Someone asked me recently how I knew I wasn't being a total waste of space. I think his concern was that I'm not earning currency. If I'm not earning, how can I be contributing, to my marriage, and to the public good?
This seems to be at, or near, the heart of the recent ruling by Ofsted that two police officers, who have entered into an informal arrangement whereby each cares for the other's child when the other is engaged in shift work, are somehow doing something illegal.
The story is well covered by the BBC, and is also to do with registration and child protection, but I want to leave that to one side. About the financial aspects of the case, Ofsted says the following:
"Reward is not just a case of money changing hands. The supply of services or goods and, in some circumstances, reciprocal arrangements can also constitute reward. Generally, mothers who look after each other's children are not providing childminding for which registration is required, as exemptions apply to them, for example because the care is for less than two hours or it takes place on less than 14 days in a year. Where such arrangements are regular and for longer periods, then registration is usually required."
The general consensus by children's charities and government ministers is that this is a failed ruling. Their advice is to continue with childminding arrangements until the mess is sorted out. They are recognising that to a significant extent, the work that keeps Britain going - indeed, that in this instance allows two people to earn money - exists outside our formal economic structures.
In other words, it is an example of wild money.
Britain runs on wild money. Banking and business are formalised, and their money is tame - pegged internationally and bound into institutions. But surrounding the official economy is a much larger unofficial one. Eight hours a day a woman may work for cash, but that leaves sixteen hours in the company of others, many of whom are looking out for her. Some of that care she (or he) may pay for in cash, but much is rewarded in kind. This extends far beyond the immediate family, into friendship networks, village communities, groups with shared interests, nationally and even internationally. When the formal economy crashed last year, what sustained us while the pieces were picked up? The informal economy, in which the formal economy is couched.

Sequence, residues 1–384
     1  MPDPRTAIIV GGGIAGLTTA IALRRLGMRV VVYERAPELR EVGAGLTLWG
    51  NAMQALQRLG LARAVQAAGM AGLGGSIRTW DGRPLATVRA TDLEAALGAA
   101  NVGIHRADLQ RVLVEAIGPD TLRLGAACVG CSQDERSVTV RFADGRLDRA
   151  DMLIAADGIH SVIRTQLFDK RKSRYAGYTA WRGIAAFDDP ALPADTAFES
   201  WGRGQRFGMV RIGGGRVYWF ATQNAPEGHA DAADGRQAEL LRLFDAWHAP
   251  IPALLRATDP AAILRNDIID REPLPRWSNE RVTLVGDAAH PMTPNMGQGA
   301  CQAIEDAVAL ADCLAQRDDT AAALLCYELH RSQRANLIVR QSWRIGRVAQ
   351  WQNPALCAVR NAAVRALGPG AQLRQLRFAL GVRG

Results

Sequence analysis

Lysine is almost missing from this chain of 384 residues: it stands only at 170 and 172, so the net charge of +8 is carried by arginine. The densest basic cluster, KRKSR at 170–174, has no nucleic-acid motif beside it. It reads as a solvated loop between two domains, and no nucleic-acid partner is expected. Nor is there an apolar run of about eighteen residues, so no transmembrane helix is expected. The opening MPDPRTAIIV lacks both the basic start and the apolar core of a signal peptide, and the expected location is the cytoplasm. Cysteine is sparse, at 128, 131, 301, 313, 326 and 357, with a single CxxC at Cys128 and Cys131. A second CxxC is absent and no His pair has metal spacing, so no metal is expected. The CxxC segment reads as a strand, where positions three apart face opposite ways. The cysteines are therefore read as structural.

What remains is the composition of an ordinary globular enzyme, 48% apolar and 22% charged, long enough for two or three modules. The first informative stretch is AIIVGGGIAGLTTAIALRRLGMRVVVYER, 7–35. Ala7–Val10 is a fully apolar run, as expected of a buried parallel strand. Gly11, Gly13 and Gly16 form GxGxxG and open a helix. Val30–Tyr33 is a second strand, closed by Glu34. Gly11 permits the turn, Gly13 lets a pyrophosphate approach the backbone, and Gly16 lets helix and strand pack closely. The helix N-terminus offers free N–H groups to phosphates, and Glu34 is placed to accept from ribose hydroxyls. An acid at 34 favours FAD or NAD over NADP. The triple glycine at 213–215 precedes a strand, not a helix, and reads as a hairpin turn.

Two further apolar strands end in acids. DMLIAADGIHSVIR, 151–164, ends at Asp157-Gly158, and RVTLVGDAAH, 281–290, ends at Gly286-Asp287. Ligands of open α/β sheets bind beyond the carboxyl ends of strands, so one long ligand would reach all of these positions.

It works small as well as large scale. That guy who picked up the scarf you dropped today? You'll never meet him again, much less reciprocate (though the smile was appreciated!). But it did cost him to stoop and pick the garment up. That was work. Also work was the vigilance with which he had been reading the street in advance, which enabled him to spot the dropped item, and link it to a retreating figure, and be prepared to bother to contemplate running after you with it.
More sustained (of course), more nearly formalised, is the childminding entered into by the police officers, the charitable work, the concerted engagement with a local community.
I am hearted by the response of the Government minister, who has asked for Ofsted's ruling to be reviewed. Though there is one niggle.
That's that the mistake was made in the first place. It suggests, like the question of my friend, that many people are getting muddled about what the worth of our official currency actually is. I don't mean worth in pounds and pence, I mean, what it is actually for.
Several movements are gaining huge ground in the UK which rely on money being wild. The Transition Towns project, for example, is reliant on local goodwill and the unpaid graft of, let's be honest, the kind of people (like me) who are not that concerned with shareholders or the bottom line. If Transition Towns create for the UK the kind of resilience which enables the country to withstand the vagaries of resource depletion, even without climate change on top, would it not be foolish to undervalue what they have achieved? Conversely, if legislation and institutional expectation limit such movements before they get the chance to achieve anything, would it not be foolish to describe such limitations as anything but valueless and destructive?
If we've learnt anything from the past two years, surely it is that it is time to set our monetary systems free?